On Wednesday morning, former Secretary of State Hillary Clinton delivered her concession speech. In front of some of her family, fans, supporters, and employees at the New Yorker Hotel in New York, the 69-year-old politician thanked everyone who believed in her. “You represent the best of America, and being your candidate has been the biggest honor for me,” she told the crowd.
While her speech was for everyone, it was especially for the millions of American women who hoped that Clinton winning would see the first female president in the White House. “I’ve had successes and setbacks and sometimes painful ones. Many of you are at the beginning of your professional, public, and political careers — you will have successes and setbacks too,” she said. “This loss hurts but please never stop believing that fighting for what right is worth it.”
She also sent a special message to “all the women, especially the young women: I want you to know that nothing has made me prouder than to be your champion.” And, she added, “To all the little girls who are watching this, never doubt that you are valuable, powerful, and deserving of every chance to pursue and achieve your own dreams.”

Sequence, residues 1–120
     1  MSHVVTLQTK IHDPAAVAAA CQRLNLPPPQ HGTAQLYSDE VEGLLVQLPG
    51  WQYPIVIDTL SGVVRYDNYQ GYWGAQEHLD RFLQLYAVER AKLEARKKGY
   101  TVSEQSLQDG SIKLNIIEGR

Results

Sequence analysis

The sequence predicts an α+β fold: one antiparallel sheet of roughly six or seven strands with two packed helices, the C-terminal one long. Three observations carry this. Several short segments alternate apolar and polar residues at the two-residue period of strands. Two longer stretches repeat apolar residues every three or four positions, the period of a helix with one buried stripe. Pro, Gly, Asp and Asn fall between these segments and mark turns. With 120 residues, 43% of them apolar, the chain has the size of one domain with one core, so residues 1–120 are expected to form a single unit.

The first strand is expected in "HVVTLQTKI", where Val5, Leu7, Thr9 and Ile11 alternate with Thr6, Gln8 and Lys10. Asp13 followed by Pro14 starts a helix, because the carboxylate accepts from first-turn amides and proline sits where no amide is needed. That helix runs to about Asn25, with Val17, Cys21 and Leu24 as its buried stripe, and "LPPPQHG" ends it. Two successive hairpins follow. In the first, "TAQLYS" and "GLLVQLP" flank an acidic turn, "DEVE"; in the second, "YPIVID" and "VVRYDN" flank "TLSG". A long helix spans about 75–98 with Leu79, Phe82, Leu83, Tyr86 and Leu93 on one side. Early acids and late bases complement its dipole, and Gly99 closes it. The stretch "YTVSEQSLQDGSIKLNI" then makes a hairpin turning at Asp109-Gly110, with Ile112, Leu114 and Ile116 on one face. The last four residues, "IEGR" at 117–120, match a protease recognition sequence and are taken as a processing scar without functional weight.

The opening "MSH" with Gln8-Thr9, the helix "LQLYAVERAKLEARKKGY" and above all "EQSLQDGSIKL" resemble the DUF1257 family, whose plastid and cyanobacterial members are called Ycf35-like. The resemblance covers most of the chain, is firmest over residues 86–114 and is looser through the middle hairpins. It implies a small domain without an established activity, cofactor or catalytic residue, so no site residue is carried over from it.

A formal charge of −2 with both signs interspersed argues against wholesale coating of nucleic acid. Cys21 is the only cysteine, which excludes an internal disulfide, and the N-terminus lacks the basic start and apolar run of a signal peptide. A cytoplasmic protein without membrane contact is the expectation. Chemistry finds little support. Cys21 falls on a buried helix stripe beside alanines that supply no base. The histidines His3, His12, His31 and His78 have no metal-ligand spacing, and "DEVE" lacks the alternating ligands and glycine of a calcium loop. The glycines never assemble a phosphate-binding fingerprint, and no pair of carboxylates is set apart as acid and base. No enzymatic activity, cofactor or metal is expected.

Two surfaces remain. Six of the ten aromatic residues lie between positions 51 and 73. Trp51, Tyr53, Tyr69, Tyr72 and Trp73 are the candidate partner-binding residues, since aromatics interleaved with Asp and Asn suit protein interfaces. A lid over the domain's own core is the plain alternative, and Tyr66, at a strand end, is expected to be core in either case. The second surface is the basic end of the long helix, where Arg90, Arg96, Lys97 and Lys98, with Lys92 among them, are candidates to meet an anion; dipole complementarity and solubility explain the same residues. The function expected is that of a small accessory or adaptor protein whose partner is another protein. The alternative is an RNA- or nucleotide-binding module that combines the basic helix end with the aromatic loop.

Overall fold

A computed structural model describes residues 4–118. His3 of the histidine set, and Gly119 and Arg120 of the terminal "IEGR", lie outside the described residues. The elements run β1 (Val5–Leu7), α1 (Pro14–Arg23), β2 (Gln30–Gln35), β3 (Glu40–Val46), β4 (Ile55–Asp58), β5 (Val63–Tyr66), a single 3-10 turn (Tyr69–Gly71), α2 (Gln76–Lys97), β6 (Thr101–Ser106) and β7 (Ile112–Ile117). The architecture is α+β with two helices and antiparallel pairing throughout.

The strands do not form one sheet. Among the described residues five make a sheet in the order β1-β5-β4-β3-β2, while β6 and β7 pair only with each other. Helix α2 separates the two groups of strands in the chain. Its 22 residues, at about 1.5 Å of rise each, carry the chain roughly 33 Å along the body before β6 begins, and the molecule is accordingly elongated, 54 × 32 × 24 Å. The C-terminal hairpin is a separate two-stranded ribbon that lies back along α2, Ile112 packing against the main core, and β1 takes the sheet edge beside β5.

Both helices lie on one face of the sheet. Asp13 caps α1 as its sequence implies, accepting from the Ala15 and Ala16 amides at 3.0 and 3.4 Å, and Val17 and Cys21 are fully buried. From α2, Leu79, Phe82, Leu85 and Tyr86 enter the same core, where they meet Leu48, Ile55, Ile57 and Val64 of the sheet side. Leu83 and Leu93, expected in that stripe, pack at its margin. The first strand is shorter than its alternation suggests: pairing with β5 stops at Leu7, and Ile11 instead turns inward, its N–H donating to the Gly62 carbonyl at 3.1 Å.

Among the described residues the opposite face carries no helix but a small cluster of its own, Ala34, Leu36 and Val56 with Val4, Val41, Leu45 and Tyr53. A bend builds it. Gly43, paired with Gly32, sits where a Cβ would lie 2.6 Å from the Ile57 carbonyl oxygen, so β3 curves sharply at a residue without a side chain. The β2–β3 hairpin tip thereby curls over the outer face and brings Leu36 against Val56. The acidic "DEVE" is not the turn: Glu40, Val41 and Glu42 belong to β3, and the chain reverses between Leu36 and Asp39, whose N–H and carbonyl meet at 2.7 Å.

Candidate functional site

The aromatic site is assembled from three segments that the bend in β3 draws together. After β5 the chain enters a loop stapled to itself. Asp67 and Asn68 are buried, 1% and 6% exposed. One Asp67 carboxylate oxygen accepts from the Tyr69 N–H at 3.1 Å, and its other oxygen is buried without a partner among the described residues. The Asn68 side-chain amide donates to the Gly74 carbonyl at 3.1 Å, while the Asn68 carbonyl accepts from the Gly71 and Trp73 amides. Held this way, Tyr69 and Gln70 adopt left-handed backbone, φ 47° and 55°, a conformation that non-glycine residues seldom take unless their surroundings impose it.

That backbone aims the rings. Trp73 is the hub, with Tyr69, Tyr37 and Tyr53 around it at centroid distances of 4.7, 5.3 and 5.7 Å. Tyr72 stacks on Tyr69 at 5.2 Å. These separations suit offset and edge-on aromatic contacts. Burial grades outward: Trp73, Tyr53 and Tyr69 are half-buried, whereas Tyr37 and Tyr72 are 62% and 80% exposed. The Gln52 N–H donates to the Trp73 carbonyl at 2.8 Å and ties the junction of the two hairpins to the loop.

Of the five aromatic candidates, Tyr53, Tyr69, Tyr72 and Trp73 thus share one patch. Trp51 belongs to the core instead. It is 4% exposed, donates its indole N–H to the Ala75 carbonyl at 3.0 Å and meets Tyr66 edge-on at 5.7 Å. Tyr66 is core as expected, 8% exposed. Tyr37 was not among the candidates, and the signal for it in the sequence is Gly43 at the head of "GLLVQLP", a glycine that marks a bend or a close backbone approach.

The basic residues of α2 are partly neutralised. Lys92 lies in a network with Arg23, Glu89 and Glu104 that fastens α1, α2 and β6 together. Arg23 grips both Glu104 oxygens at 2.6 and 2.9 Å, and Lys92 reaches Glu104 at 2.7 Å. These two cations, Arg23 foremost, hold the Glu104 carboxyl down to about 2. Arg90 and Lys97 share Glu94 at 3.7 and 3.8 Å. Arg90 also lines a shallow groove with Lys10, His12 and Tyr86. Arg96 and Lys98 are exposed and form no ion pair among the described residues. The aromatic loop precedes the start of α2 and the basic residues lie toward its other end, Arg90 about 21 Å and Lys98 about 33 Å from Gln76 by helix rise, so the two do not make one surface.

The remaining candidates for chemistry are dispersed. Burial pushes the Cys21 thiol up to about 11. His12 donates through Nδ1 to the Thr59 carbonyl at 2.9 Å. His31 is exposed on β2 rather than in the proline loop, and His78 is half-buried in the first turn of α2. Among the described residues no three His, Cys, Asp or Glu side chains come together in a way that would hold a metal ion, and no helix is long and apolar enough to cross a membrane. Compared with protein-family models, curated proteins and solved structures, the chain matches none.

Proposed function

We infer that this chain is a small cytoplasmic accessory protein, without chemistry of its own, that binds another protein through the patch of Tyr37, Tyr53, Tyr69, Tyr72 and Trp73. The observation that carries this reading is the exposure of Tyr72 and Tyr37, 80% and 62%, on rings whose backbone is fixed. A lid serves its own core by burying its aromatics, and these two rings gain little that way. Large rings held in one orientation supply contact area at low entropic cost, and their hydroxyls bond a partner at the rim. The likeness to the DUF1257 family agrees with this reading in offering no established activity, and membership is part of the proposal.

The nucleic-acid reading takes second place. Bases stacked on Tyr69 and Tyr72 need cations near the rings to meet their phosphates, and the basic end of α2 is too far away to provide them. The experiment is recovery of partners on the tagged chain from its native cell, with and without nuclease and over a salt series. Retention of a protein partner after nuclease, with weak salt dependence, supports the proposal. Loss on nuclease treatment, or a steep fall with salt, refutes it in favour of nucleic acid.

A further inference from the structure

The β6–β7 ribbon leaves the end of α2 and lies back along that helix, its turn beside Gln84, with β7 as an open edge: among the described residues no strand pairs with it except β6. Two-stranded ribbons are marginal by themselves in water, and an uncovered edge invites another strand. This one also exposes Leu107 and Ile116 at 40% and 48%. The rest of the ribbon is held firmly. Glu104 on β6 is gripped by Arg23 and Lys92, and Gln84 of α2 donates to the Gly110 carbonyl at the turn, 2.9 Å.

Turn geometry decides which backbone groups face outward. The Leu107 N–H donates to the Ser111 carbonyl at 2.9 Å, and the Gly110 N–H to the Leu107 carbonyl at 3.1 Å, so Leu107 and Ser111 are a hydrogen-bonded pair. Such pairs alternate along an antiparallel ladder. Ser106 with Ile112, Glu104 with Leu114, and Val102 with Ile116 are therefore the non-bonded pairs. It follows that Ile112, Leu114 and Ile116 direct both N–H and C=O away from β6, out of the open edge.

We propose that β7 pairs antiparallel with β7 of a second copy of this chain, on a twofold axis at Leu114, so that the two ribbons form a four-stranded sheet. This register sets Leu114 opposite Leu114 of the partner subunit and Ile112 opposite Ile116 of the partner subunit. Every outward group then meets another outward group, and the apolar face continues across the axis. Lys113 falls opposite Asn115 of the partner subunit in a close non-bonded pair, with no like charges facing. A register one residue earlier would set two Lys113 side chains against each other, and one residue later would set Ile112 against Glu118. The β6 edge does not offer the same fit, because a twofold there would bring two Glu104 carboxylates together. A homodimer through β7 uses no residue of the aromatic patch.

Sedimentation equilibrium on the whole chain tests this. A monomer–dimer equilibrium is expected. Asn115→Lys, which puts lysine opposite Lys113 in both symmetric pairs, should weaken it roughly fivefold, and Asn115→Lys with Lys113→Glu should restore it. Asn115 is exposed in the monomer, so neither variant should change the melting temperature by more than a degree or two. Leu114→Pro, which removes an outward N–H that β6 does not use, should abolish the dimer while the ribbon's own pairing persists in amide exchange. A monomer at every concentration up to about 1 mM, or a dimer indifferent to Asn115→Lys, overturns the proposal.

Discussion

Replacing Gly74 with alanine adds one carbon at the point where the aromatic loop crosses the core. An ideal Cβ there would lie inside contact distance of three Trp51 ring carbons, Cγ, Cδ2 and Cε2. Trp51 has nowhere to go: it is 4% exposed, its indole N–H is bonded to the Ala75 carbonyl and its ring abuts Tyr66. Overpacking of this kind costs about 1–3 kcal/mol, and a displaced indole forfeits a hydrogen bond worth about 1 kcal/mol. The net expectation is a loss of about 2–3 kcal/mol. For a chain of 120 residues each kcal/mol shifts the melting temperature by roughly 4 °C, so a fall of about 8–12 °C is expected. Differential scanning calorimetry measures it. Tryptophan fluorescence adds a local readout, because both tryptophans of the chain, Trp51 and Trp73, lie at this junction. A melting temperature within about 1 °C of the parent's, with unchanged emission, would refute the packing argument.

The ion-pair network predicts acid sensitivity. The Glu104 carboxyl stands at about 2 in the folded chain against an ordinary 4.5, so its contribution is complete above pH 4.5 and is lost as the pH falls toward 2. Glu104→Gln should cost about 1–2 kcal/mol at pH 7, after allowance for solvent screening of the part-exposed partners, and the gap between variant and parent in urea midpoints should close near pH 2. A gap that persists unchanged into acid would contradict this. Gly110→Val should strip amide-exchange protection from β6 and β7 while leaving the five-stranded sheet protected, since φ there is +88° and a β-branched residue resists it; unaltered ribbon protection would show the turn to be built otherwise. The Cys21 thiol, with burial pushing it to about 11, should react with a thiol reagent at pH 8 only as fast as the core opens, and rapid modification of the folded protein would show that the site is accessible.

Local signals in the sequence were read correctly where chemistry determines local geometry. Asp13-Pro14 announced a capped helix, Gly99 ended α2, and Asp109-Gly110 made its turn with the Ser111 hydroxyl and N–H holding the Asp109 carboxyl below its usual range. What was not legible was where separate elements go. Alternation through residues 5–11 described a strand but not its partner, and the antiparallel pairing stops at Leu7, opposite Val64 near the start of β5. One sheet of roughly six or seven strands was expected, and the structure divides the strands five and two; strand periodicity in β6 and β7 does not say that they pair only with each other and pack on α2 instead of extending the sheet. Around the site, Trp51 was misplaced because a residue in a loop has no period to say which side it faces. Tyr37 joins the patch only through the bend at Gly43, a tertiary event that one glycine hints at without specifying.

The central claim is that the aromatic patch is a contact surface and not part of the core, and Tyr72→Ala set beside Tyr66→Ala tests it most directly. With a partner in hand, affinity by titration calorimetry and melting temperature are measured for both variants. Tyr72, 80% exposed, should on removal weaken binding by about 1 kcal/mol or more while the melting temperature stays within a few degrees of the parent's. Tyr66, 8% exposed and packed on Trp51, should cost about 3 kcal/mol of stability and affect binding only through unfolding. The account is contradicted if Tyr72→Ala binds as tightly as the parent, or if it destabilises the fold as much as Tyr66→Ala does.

One day, Clinton hopes, those dreams will translate into a woman achieving what she did not. “I know we’ve still not shattered that highest and hardest glass ceiling but some day someone will.”
She even gave a shoutout to the “secret, private Facebook group,” Pantsuit Nation, which rallied behind the former Democratic presidential candidate. “I want everybody coming out from behind that and make sure your voices are heard going forward,” she implored.
Since the loss, Pantsuit Nation, which was formed as a safe space for women to express their emotions and also call on its more than 3 million members to wear pantsuits as a sartorial sign of support for Clinton who favors the style, has shifted its focus. Now serving as a support group. As founder Libby Chamberlain wrote, “This is not the end. And while we must take time to grieve, we must also look ahead. We’re still here. Just because our candidate lost does not mean our voices disappear. We need each other and many in our country need our love and support more than ever before.” She noted that the silver lining is that the group now has each other. “If you’re a person of color, if you’re gay or lesbian or queer or trans, if you’re an immigrant or disabled or a veteran or a victim of sexual abuse, or if you’re feeling marginalized or afraid, please know WE HAVE YOUR BACK. This group can be a powerful force of good in our country if we all pitch in. I’m not giving up.”